SINGAPORE (Aug 21): For decades, the financial industry has been accused of not taking climate risks seriously. A new report by conservation organisation WWF suggests that Asean banks, in particular, are dragging their feet on the issue.

The WWF’s 2019 Sustainable Banking Assessment found that none of the 35 banks assessed in Southeast Asia fulfilled all the organisation’s environmental, social and governance (ESG) indicators.

Only four banks achieved about half of these 70 criteria. On the other hand, 51% of the banks met less than a quarter of these standards.

The study singled out Singapore banks DBS, OCBC and UOB as the top performers in the region for prohibiting the financing of new coal-fired power plants and committing to no deforestation initiatives.

The WWF’s assessment aims to assess whether banking industry is responding to climate threats sufficiently. It measures areas such as sustainable financing initiatives, the bank’s ability to monitor clients’ environmental risks and ESG integration in the banks’ products.

In recent years, banks have come under increasing pressure from investors and global money managers to clean up their act and take sustainability seriously. Investors worry that if and when regulations kick in, the banks may end up with stranded assets that will affect its financial performance.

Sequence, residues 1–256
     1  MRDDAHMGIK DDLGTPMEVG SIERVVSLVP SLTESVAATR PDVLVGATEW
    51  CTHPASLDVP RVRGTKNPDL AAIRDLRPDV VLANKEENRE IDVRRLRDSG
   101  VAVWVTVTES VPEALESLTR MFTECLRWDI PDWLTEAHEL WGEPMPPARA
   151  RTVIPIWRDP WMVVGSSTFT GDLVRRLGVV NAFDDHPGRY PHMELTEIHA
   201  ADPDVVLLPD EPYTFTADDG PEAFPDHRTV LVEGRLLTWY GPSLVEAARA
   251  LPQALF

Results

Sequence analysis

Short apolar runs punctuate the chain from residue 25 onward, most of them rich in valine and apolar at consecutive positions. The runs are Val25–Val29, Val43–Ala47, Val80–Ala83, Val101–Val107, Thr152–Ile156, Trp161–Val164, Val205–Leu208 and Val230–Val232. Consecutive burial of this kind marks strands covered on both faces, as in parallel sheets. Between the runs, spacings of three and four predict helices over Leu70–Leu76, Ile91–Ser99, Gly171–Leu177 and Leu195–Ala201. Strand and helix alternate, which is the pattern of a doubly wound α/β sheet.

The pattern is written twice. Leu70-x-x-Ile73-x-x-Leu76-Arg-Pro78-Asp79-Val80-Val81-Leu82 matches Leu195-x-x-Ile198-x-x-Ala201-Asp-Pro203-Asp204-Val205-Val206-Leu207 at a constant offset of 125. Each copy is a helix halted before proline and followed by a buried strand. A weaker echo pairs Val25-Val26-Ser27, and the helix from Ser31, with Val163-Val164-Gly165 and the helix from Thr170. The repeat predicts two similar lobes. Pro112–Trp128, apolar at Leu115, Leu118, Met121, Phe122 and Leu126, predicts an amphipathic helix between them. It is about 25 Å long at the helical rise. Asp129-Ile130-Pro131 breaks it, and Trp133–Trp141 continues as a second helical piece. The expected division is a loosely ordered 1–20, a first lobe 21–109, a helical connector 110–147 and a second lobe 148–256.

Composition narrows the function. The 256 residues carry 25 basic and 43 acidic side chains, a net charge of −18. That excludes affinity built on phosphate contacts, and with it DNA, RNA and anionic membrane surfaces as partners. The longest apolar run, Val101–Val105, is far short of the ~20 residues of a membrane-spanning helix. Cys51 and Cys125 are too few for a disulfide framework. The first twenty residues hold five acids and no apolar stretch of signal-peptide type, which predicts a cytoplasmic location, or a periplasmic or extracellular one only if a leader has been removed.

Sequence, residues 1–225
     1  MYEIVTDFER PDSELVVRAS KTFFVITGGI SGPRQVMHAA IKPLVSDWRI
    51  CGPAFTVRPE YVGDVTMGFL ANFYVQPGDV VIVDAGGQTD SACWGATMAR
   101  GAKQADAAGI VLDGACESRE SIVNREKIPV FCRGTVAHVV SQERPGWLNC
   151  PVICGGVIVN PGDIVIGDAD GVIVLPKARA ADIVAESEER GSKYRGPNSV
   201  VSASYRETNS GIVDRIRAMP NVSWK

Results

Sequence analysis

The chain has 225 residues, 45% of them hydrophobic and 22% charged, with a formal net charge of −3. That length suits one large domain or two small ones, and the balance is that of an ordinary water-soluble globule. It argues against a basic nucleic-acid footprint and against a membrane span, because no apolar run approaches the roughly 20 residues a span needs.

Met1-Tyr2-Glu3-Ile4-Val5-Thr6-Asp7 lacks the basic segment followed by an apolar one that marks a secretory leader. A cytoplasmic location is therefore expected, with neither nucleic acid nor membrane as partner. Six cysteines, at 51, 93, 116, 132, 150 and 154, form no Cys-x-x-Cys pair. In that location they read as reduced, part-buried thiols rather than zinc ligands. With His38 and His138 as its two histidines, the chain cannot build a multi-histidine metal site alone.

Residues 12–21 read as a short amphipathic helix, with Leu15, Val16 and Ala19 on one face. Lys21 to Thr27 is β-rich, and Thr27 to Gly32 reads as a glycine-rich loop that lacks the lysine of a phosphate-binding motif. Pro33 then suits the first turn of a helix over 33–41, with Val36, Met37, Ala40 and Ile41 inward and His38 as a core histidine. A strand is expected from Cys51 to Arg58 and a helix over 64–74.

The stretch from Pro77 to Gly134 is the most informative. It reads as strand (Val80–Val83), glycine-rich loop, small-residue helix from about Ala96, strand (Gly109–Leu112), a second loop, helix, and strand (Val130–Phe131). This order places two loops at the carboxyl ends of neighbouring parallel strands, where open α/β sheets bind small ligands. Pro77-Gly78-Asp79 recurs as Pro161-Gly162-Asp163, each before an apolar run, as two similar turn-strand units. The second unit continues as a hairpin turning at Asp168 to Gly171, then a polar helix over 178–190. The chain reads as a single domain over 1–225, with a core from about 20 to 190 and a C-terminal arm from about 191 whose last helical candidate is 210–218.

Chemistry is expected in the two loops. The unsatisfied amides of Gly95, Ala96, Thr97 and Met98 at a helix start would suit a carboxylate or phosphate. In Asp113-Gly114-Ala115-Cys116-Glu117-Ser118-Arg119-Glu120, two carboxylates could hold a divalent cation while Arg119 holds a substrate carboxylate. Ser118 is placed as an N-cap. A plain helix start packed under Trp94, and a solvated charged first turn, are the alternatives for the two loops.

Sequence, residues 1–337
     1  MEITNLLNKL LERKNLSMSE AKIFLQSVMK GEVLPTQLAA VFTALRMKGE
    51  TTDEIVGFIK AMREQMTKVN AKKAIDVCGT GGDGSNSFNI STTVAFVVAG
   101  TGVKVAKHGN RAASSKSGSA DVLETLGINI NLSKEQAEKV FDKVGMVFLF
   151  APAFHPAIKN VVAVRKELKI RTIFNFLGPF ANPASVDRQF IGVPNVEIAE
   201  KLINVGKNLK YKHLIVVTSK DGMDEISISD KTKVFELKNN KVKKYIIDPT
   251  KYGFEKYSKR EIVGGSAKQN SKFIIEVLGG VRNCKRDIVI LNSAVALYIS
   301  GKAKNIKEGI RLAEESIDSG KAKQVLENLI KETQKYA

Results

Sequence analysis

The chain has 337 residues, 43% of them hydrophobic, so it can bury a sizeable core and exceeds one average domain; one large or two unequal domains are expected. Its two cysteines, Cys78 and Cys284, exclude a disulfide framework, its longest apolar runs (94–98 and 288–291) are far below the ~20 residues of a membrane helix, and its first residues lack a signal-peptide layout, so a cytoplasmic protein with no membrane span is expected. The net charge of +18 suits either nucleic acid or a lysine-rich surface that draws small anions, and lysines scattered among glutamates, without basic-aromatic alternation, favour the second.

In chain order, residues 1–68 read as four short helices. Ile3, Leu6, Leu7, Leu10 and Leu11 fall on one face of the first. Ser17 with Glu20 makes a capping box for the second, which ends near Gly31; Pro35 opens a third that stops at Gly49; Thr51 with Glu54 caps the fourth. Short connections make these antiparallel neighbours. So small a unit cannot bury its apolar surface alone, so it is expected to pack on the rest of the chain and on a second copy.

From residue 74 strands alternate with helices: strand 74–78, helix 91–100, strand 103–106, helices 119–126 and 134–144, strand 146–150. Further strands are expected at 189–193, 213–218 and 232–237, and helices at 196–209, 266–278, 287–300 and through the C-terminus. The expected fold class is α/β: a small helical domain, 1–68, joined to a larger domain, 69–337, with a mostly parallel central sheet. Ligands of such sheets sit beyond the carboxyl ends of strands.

The resolve of these investors has gotten banks to introduce new sustainable financing products such as sustainability-linked loans. These have grown exponentially in recent years, surpassing green bonds.

But the WWF’s assessment suggests that most of these products have focused on renewable energy. Meanwhile, there is a huge financing gap in other crucial sectors, including agriculture and infrastructure.

However, the pressure from investors and money managers may not have been as strong in Southeast Asia.

Most Asean banks in the WWF study did not have a strategy to manage climate-related risks. While 57% of the banks in Asean have senior management in charge of ESG issues, only 14% of the banks require their clients to commit to global sustainability standards.

Further, about 91% of Asean banks still finance new coal-fired power plants.

One banker told The Edge Singapore previously that it is hard to turn down these projects in developing market if the banks want to grow. Environmental concerns are simply not the priority in these markets.

The WWF’s assessment also found that only 9% of Asean banks have commitments to no-deforestation policies. And none of the banks require clients to conduct water risk assessments.

But these are issues that may incur future financial costs for the banks. For instance, Thailand’s floods in 2011 incurred an economic cost of US$42 billion ($58 billion).

WWF says Asean banks will have to step up and manage climate risks in their clients’ portfolio. “ASEAN’s economies are very much interdependent, which magnifies the effects of climate change and environmental destruction,” says Jeanne Stampe, WWF’s Head of Asia Sustainable Finance.